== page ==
We conducted a retrospective study to investigate the risk factors for ECMO among the infants with CDH and to determine the regional and healthcare cost differences in infants with CDH. The number of infants reported having CDH increased from 2006 to 2016 in this database, while the number of those CDH infants requiring ECMO remained relatively constant, overall leading to a decreasing proportion of infants with CDH who required ECMO. Similarly, Morini et al reported a decrease in the use of ECMO in CDH infants during the years 2007–2013 when compared with the previous decade.20 This downward trend in ECMO utilization may be attributed to the development and implementation of improved postnatal medical management. Such improvements include, but are not limited to, broader use of inhaled nitric oxide, sildenafil, prenatal steroids as well as the gentler ventilation strategies.20–22 Furthermore, the increasing implementation of standardized, risk-adjusted management protocols may have impacted the outcomes of infants with CDH.23 24 Advancements in prenatal diagnostic evaluations, such as lung-to-head ratio (LHR) and observed-to-expected total lung volume (o/e TLV), also may have lowered ECMO utilization in the neonatal CDH population. Advancements in fetal diagnosis and assessment of lung volumes by ultrasound and fetal MRI in CDH infants allows for improved prepartum and peripartum planning, such as an arrangement of delivery at a tertiary or quaternary center, and for better preparation of healthcare teams and resource mobilization.25–28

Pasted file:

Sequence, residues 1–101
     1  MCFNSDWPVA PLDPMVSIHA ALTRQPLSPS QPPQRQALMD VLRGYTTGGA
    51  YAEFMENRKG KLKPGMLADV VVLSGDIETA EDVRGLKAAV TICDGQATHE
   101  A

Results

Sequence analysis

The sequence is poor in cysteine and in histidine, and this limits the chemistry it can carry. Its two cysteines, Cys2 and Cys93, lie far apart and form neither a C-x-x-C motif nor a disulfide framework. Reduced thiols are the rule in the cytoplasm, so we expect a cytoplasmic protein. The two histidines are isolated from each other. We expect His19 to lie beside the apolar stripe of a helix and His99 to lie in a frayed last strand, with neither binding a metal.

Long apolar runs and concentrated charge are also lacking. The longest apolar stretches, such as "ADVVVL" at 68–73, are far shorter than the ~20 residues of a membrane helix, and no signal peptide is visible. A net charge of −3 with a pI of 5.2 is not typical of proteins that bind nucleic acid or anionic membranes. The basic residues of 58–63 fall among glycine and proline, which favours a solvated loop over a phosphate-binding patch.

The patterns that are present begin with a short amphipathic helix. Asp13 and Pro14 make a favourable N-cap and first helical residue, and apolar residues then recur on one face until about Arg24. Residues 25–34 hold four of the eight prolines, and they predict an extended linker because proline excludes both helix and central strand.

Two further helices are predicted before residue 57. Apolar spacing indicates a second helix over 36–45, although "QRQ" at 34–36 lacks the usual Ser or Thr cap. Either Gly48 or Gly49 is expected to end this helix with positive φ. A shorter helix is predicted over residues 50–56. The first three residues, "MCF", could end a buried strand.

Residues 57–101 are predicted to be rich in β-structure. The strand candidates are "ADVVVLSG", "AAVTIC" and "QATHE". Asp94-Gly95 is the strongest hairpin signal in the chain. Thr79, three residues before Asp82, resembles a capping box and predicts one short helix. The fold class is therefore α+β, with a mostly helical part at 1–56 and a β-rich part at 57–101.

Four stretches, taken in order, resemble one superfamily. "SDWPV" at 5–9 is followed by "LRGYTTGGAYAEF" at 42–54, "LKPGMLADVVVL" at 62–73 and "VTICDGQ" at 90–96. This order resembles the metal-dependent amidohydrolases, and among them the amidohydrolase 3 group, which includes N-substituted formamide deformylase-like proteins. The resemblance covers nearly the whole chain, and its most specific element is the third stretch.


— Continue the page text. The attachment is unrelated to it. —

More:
In our study, utilization of ECMO in CDH infants was significantly different between racial groups, inborn versus outborn status, hospital type and hospital region. The highest proportion of ECMO use was noted in infants categorized as Black or ‘other’ race, those infants who were inborn, those treated in urban teaching hospitals and in the Northeast. Our study found a lower proportion of ECMO utilization for CDH among Hispanics and a higher proportion among the patients of White race. The opposite was reported in a study by Oyetunji et al.29 That study examined the older data from a smaller sample (n=827) and only from a single center. Our cohort also had a higher proportion of Hispanic patients (26.2% vs 8.2%). The KID database study by Sola et al of CDH infants at <8 days of age for 10 years before 2006 identified Black and other non-Hispanic minorities to have the highest mortality rates. One decade later, our observations in the CDH infants requiring ECMO remain unchanged.30